|ZHOU, XIN - Cornell University|
|YUAN, YOUXI - Cornell University|
|RUTZKE, MICHAEL - Cornell University|
|Thannhauser, Theodore - Ted|
Submitted to: Plant Physiology
Publication Type: Peer Reviewed Journal
Publication Acceptance Date: 7/30/2009
Publication Date: 8/5/2009
Citation: Li, L., Zhou, X., Yuan, Y., Yang, Y., Rutzke, M., Thannhauser, T.W., Kochian, L.V. 2009. Involvement of a broccoli COQ5 methyltransferase in the production of volatile selenium compounds. Plant Physiology. 151:528-540.
Interpretive Summary: Selenium is an essential micronutrient for animal and human nutrition, but becomes toxic at higher concentrations. Therefore, reducing the levels of selenium salts in selenium contaminated soils is of great important. Plants provide a promising solution for cleanup of selenium polluted environments by converting toxic selenium salts into less toxic volatile selenium compounds. To identify plant genes whose products promote the production of volatile selenium compounds, we used a genomics-based approach and isolated a broccoli COQ5 methyltransferase gene. When it was expressed in bacteria and transgenic plants, it specifically promotes selenium volatilization. This enzyme represents the first plant enzyme that is not involved in sulfur/selenium metabolism yet mediates selenium volatilization. The cloning and characterization of it from this economically important vegetable crop extends our understanding of selenium metabolism in plants. Such information may lead to ways to facilitate more efficient removal of selenium contaminated soils through genetic engineering of the process in plants and also possibly may be used to enhance the accumulation of health-promoting bioactive forms of selenium by suppression of their conversion into volatile selenium compounds.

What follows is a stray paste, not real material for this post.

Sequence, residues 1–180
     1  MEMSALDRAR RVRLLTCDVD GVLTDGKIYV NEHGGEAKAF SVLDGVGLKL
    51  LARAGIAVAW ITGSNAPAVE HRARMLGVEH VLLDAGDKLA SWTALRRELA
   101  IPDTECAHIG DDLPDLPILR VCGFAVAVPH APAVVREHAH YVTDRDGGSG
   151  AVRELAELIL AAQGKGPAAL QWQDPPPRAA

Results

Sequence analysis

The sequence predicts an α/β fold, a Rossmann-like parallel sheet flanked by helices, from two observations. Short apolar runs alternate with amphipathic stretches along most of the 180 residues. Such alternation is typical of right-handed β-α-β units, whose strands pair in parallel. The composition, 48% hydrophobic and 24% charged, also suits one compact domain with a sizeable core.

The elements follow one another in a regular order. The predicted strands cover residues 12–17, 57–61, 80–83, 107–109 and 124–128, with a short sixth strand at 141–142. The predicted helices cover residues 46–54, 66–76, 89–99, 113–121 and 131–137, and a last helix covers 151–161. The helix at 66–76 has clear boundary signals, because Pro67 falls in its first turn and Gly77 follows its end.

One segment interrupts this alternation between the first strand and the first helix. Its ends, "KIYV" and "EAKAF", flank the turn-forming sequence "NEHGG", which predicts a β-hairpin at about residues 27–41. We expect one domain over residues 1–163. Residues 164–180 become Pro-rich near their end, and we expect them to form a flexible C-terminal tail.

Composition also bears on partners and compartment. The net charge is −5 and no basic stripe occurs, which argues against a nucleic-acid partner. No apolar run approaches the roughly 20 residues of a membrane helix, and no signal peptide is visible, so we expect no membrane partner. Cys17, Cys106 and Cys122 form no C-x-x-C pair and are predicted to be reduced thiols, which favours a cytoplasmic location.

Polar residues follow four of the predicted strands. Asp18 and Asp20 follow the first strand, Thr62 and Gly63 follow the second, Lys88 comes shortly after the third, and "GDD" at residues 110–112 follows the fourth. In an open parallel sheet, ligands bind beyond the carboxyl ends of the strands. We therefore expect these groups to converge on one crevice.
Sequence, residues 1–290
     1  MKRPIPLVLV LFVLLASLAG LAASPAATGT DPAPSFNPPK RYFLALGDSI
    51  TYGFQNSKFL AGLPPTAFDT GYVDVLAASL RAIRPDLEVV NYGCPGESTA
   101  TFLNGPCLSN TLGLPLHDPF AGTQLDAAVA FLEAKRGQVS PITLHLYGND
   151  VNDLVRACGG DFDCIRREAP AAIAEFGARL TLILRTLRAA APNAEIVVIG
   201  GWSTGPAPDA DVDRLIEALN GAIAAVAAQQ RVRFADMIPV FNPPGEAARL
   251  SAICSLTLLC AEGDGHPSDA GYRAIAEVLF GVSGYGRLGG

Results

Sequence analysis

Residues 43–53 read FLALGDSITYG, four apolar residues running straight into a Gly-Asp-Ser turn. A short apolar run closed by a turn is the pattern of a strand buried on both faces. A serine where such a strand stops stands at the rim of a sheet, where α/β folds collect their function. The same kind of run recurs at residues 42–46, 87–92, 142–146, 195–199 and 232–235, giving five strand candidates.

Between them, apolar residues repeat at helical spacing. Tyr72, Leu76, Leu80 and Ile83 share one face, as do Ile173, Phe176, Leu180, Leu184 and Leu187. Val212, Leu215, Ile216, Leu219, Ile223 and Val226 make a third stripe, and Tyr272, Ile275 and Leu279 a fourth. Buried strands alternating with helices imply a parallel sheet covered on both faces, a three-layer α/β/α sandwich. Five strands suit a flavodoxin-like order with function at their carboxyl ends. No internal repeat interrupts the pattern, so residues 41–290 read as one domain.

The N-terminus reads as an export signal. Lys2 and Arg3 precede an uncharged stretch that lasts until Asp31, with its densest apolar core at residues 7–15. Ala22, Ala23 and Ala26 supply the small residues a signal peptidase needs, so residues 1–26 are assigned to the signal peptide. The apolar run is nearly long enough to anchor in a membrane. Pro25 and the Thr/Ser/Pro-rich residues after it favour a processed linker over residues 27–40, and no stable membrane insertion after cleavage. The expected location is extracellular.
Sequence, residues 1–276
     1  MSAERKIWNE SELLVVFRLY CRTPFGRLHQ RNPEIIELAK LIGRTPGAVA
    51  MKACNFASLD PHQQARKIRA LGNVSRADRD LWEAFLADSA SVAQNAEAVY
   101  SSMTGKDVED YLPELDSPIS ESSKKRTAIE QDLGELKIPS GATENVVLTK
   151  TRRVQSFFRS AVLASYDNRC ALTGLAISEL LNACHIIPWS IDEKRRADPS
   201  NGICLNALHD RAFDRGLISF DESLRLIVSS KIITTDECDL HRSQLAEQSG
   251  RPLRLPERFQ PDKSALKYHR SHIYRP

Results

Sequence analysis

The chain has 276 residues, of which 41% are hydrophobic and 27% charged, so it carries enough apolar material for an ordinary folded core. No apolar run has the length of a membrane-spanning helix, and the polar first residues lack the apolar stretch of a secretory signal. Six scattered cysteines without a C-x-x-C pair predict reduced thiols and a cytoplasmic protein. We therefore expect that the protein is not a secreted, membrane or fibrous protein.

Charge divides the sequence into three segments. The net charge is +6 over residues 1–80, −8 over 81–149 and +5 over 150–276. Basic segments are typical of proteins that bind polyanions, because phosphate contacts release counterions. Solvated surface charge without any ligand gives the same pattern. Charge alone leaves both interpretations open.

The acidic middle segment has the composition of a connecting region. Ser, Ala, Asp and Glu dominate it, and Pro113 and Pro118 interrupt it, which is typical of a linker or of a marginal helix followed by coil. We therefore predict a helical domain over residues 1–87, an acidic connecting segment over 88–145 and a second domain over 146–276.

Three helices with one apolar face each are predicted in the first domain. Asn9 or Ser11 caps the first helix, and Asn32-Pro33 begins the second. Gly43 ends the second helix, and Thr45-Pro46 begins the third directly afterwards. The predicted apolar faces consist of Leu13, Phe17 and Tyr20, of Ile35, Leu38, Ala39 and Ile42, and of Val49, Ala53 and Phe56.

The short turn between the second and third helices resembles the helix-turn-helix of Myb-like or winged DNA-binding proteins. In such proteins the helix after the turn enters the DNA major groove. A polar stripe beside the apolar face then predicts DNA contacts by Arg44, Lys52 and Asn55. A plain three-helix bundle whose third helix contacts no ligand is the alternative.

Technical Abstract: Selenium plays an indispensable role in human nutrition and health, but becomes toxic at higher concentrations. Therefore, selenium volatilization is of great interest because it provides important means for cleanup of selenium polluted environments. To identify novel genes whose products are involved in Se volatilization from plants, a broccoli cDNA encoding COQ5 methyltransferase (BoCOQ5-2) in ubiquinone biosynthetic pathway was isolated, and authenticated by functionally complementing a yeast coq5 mutant and by detecting increased cellular ubiquinone level in the Bo-COQ5-2 transformed bacteria. Proteomics analysis of the differentially expressed proteins between the bacteria cells carrying BoCOQ5-2 and those containing empty vector further supports its functional role in ubiquinone biosynthesis. BoCOQ5-2 was found to specifically promote selenium volatilization but not sulfur emission in both bacteria and transgenic Arabidopsis plants. When exposed to selenate or selenite, bacteria expressing BoCOQ5-2 produced an over 160-fold or 11-fold increase, respectively, in selenium volatilization. Consequently, the BoCOQ5-2 transformed bacteria exhibited dramatically enhanced tolerance to selenate and selenite, and contained reduced levels of total selenium in the cells. Transgenic Arabidopsis expressing BoCOQ5-2 also showed a three-fold increase in Se volatilization when treated with selenite and exhibited significant tolerance to selenium. BoCOQ5-2 represents the first plant enzyme that is not directly involved in sulfur/selenium metabolism yet mediates selenium volatilization. This discovery opens up new aspects in understanding the complete metabolism of selenium and may lead to ways for more efficient phytoremediation of selenium contaminated environments.